This resulted in a huge increase in production capacity in all German lignite regions. On this basis, Germany developed into the world's largest producer and at the same time the largest consumer of lignite in the 1920s. The statistical breakdown until 1945 distinguished the Central German Revier , the East Elbe Revier and the Rhenish Revier as the largest brown coal areas . Before the Second World War, the Central German mining district supplied around two-fifths, the East Elbe and Rhenish each around a quarter of all German lignite.

Coal production in the Rhenish lignite mining area reached 17.4 million tonnes back in 1913 as early as 1918. At the beginning of the 1920s, open-cast mining was profitable at a ratio of overburden (= overburden) to lignite of 4: 1 due to the drive for self-sufficiency and intensive mechanization become. So that could annual production to 1929 to 48.0 million tons climb. In the course of the global economic crisis , lignite production fell briefly to 39.2 million tons. Between 1933 and 1943 it rose continuously to 68.6 million tons. The focus of the funding shifted to the northern district. The first pits in the southern district closed in 1931 (Maria Glück) and 1933 (Roddergrube).

In 1920 Hugo Stinnes took over the shares in Roddergrube. This led to RWE's dominant position in lignite mining. In 1932, after taking over what was later known as Rheinbraun, the group companies provided around 60% of the workforce of a total of 12,404 workers and 70% of the 645 briquette presses in the Ville area.

The greatest increase in funding was due to the increase in electricity generation. In 1914 the two power plants at the Ville location together still had 38 MW, in 1932 the Goldenberg plant increased it to 500 MW, Fortuna to 174 MW and Frimmersdorf to 90 MW. The briquette factories generated another 11 MW of excess energy.

The chemical industry developed rapidly. In 1927 the Degussa sodium , chlorine and chlorinated lime works were built in Knapsack . The Martinswerk in Bergheim manufactured aluminum oxide and alumina hydrate.

The area under the sign of the National Socialist autarky policy

After 1933, the National Socialist self-sufficiency efforts provided further impetus for mining. The armament of the Wehrmacht and the Second World War resulted in very high energy requirements. From 1934 to 1942, the briquette production in the district increased from 9 million tons to a record number of 14.5 million tons annually. On the advice of Reich Economics Minister Hjalmar Schacht , processes for coal liquefaction were promoted and in 1937 the Union Rheinischer Braunkohlen fuel AG was founded in Wesseling.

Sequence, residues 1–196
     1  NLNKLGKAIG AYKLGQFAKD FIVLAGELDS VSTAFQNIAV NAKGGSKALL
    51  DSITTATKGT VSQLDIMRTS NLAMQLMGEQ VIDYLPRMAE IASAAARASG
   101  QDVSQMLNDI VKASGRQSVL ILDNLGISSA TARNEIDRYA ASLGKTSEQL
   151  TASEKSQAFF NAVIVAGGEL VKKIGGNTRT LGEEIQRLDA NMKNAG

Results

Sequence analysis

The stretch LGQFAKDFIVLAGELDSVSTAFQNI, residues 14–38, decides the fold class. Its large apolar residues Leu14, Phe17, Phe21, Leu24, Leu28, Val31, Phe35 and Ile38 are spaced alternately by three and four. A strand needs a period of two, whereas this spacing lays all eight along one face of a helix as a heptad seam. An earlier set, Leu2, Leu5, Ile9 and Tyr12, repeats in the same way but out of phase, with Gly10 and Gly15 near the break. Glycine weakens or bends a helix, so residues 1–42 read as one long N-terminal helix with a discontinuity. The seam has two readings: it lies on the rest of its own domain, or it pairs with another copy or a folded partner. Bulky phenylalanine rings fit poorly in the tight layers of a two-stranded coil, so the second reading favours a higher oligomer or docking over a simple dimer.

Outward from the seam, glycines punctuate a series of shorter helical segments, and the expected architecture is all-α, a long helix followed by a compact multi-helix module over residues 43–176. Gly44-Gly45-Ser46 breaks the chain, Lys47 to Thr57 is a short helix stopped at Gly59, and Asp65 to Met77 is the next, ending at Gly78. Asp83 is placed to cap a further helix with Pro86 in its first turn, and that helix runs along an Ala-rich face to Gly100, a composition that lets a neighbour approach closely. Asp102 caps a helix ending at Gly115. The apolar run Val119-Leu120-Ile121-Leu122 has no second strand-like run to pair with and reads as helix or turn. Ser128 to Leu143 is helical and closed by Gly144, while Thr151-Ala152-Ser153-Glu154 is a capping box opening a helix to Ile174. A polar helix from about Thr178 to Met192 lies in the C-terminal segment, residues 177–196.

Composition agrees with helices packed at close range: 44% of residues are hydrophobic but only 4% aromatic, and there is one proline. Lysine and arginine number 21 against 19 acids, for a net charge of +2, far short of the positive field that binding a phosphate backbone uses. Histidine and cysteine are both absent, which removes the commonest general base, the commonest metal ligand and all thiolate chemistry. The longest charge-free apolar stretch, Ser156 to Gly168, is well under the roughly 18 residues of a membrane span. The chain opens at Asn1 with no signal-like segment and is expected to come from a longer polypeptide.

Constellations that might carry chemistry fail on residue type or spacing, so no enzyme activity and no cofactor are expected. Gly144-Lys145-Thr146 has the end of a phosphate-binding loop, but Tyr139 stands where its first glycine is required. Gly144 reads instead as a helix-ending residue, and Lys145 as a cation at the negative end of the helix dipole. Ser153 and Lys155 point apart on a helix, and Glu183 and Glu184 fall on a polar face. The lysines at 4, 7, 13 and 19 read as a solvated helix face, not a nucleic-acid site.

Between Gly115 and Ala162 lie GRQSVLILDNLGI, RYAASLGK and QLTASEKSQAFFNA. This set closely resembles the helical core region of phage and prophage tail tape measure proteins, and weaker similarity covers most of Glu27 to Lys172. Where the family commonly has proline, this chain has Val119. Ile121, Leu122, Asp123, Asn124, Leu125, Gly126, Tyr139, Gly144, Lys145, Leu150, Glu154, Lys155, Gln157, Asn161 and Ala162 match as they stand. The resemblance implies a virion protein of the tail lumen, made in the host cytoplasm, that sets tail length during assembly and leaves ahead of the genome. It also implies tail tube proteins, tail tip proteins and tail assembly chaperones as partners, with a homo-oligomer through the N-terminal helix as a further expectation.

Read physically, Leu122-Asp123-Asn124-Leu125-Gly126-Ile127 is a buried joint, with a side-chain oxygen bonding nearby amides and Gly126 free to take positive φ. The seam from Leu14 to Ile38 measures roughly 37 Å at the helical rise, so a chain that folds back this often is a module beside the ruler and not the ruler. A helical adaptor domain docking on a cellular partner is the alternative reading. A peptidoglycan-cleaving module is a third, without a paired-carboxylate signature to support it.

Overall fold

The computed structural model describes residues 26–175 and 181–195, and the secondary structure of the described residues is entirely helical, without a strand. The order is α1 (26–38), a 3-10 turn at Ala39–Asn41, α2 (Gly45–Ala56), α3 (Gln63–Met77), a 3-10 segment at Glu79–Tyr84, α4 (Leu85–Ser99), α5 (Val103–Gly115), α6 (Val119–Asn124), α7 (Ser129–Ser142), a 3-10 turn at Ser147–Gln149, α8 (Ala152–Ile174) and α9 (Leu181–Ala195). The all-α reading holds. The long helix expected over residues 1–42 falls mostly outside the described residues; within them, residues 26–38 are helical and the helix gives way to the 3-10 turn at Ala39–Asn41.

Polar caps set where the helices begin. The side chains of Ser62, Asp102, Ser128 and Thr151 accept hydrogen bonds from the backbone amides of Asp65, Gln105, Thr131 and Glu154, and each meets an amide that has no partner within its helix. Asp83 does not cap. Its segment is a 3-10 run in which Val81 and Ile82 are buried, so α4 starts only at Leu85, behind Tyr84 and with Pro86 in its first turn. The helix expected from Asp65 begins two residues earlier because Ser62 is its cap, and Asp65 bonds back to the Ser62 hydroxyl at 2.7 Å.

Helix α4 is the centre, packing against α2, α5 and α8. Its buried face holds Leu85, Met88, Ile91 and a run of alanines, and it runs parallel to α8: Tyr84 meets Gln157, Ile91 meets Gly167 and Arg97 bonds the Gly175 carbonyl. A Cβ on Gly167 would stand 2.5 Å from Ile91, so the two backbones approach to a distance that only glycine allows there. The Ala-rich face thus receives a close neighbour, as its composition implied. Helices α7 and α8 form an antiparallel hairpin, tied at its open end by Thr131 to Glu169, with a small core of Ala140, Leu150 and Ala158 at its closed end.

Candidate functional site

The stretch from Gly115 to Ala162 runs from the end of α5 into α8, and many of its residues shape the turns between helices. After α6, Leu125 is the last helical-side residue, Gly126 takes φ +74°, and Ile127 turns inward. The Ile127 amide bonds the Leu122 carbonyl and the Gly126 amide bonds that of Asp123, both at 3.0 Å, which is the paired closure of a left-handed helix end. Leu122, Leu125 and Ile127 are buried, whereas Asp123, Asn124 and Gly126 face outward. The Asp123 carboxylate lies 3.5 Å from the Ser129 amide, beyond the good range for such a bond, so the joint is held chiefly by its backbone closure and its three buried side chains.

The coal deposits of the southern district were running out, so that northern opencast mines were expanded or newly developed to meet the increased demand for coal. During the World War, coal mining and processing could only be sustained with tens of thousands of forced laborers and prisoners of war ; many Germans employed in lignite mining were called up for military service.

Union 103 civil engineering pit

Development of the annual lignite production in Germany from 1800 to 2007.

During test drilling in 1927, seams north-west of Kerpen were discovered at depths of over 200 meters. Given the state of the art at the time, it was not possible to extract mining in this depth. According to the National Socialist autarky efforts, brown coal should be mined here on a trial basis. The specially founded Rheinische Braunkohlentiefbaugesellschaft began in 1939 with the sinking of two shafts between Morschenich and Elsdorf . A similar attempt by the Neu-Deutz union in Cologne-Kalk around 1850 had failed due to the high volumes of groundwater. The project initially succeeded in Morschenich: Between 1941 and 1954, seams up to 70 meters thick were mined at a depth of almost 350 meters. But the experiment was stopped as early as 1954: the geological conditions only allowed mining with extreme technical effort, which made the company uneconomical. The four main tunnels and their branch lines with a total length of eleven kilometers were reinforced with 25,000 cubic meters of concrete and 8,300 tons of steel, and the two manholes were closed. The Hambach underground mine reached these tunnels in 2014.

The area since 1945

Operational concentration

In 1960 RWE also took over BIAG of the western district. Until German reunification, the Rhenish Revier was the most important lignite region in the Federal Republic of Germany. The annual lignite production in East Germany was higher, however. Other West German lignite mining areas included the Braunschweig coal mines in Helmstedt and the Hirschberg mines near Kassel and Wackersdorf in the Upper Palatinate. In eastern Germany, lignite mining and conversion to electricity is now carried out in the Lusatian and Central German lignite districts after extensive restructuring by Vattenfall and Mibrag .

Coal refinement and power generation

The Carl briquette factory in Frechen, converted into a residential complex

The peak of briquette production was in the 1950s. At that time, more than 40 million tons of raw lignite were pressed into briquettes every year. The Carl briquette factory in Frechen alone produced around 40 million tons of briquettes from 1907 until it was closed in 1995. The use of coal in the still existing three plants of coal upgrading other hand, is low. With a capacity of 17 million tons of raw coal per year, only 10.6 million tons are currently used on average. Mainly coal dust is produced here for use in large industrial fire plants (e.g. cement works, paper mills, sugar refineries). The coal refining plant Fortuna-Nord provides plus lignite coke ago. The capacities for the production of lignite dust and coke are expanded. Due to stable lignite prices and rising oil prices , the use of lignite in industry has been economically very interesting since 2003.